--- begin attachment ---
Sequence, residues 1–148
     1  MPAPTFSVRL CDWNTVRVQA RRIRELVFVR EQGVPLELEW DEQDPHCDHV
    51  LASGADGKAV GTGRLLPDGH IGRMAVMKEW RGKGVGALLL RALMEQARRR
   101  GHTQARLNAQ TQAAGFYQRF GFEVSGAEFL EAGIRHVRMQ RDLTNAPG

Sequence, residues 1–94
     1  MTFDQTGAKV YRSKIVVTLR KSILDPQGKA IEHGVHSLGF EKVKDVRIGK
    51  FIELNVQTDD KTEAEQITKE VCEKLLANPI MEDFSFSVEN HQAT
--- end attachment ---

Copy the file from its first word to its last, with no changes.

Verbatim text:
Sequence, residues 1–148
     1  MPAPTFSVRL CDWNTVRVQA RRIRELVFVR EQGVPLELEW DEQDPHCDHV
    51  LASGADGKAV GTGRLLPDGH IGRMAVMKEW RGKGVGALLL RALMEQARRR
   101  GHTQARLNAQ TQAAGFYQRF GFEVSGAEFL EAGIRHVRMQ RDLTNAPG

Sequence, residues 1–94
     1  MTFDQTGAKV YRSKIVVTLR KSILDPQGKA IEHGVHSLGF EKVKDVRIGK
    51  FIELNVQTDD KTEAEQITKE VCEKLLANPI MEDFSFSVEN HQAT